The Lagerphone deserves to regain its place as the hallmark of the Bush Band It is capable of producing quite a sophisticated rhythm accompaniment. The stressed beats are played by firmly tapping the stick on the floor (the rubber crutch tip saves the floor from damage and imparts a satisfactory bounce) and the subsequent beats are made by first hitting the stick with the bow and then rubbing along with the notches cut into the bow. With practice and moderation an excellent beat is the result. The notches in the bow should be rasped and sandpapered smooth, otherwise you will quickly saw the broomstick in half!
Alan's talk covered the instruments played by the bush bands of the early revival. Obviously this grouping is not representative of any specific band in any area of the bush. People used whatever was at hand and would improvise, particularly for rhythm and percussion. The Lagerphone, Bones and Bush Bass all are results of the use of materials close to hand. Some other improvised instruments have been described and I shall provide a short selection.
Cigar Box Fiddle
Very little was wasted in the bush and back when fine wooden boxes came with cigars the idea of using the box for a musical instrument was natural. A wooden neck was attached and a gut string passed over a bridge on the box to a tuning peg in the neck. This could be played with a horsehair bow in the style of simple oriental fiddles (which may have inspired it)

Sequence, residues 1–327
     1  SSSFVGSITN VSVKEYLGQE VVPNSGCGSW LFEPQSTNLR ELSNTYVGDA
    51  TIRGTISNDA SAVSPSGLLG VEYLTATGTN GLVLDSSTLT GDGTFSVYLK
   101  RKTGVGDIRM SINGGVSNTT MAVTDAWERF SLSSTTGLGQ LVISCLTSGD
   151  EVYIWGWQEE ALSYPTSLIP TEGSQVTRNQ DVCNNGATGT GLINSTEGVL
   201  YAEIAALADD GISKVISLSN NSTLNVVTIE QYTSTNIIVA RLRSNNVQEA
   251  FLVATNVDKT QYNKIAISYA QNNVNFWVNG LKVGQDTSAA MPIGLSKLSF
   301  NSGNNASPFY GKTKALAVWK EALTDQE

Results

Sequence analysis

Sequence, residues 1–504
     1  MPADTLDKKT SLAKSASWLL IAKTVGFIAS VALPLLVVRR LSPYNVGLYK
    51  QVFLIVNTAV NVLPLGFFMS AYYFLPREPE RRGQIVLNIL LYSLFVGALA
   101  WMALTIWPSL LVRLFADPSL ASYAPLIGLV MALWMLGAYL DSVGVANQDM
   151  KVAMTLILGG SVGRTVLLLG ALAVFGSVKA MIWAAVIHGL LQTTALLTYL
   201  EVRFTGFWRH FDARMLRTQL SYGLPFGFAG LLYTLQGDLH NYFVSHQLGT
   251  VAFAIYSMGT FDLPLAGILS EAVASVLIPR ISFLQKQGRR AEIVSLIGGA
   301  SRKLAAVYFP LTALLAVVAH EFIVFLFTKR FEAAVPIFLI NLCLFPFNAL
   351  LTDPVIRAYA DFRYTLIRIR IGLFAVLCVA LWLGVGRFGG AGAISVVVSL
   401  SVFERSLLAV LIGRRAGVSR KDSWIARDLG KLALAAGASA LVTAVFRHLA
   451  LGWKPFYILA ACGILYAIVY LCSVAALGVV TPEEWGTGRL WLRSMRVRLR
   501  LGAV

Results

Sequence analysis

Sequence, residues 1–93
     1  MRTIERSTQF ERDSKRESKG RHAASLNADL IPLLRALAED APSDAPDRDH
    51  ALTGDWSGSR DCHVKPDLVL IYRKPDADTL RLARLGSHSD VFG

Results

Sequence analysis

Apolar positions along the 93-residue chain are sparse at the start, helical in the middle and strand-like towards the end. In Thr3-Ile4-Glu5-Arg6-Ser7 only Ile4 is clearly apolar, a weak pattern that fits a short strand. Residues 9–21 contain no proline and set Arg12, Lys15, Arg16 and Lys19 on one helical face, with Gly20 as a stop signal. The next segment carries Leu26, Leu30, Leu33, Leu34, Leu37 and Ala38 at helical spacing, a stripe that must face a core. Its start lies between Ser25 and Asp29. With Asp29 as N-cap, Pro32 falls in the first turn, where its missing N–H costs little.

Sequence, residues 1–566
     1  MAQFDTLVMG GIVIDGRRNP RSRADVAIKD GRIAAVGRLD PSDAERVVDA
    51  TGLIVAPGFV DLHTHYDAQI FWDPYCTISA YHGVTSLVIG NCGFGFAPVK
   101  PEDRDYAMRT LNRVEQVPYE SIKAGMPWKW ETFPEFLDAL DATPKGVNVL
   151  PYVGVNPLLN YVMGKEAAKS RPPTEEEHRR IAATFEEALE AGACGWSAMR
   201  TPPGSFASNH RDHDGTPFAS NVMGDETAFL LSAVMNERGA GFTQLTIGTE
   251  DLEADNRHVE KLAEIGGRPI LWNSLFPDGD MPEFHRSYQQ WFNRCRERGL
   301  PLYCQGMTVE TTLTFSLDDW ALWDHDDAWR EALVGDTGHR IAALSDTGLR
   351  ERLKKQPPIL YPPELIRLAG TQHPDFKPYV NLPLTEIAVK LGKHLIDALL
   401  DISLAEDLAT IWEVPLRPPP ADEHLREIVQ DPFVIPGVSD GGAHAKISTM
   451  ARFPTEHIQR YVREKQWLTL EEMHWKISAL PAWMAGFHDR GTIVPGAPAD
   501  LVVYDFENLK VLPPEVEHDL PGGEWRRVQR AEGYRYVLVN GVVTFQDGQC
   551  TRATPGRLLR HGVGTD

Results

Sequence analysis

Kerosene Tin Dulcimer
When John Meredith was collecting folk lore in the Mudgee area, he came across this instrument, made by Cyril Abbott, a local bushman and bush musician. Made from the once ubiquitous four gallon kerosene tin (similar to tins in which olive oil is bought in bulk) and a broomstick. The tin bears no strain and needs only be lightly nailed to the broomstick which has a nail or screw to attach the strings which pass over a bridge at each end and are fixed around crude tuning pegs made from screws and wing-nuts. The strings are Steel Guitar strings and are played like the Hawaiian Guitar, with a 'steel' to stop the strings and a plectrum. The strings are tuned with two in unison and the third slightly sharper to give a 'Tremolo' effect. Sound holes may be cut into the kerosene-tin, either at the ends or in the surface below the strings.
Collector Ron Edwards notes that this is not really a musical instrument but a tool used in yarding sheep. Simply a crude type of rattle with pieces of tin or the push-in lids from tins of Golden Syrup etc. threaded onto a piece of fencing wire either tied in a loop or strung between the ends of a forked stick. This was used when yarding sheep by rattling it at the sheep ? who might be foolish enough to run in the opposite direction, into the yards. It wasn't as good as a sheep dog but it wasn't likely to be cooling off in the creek when you needed it!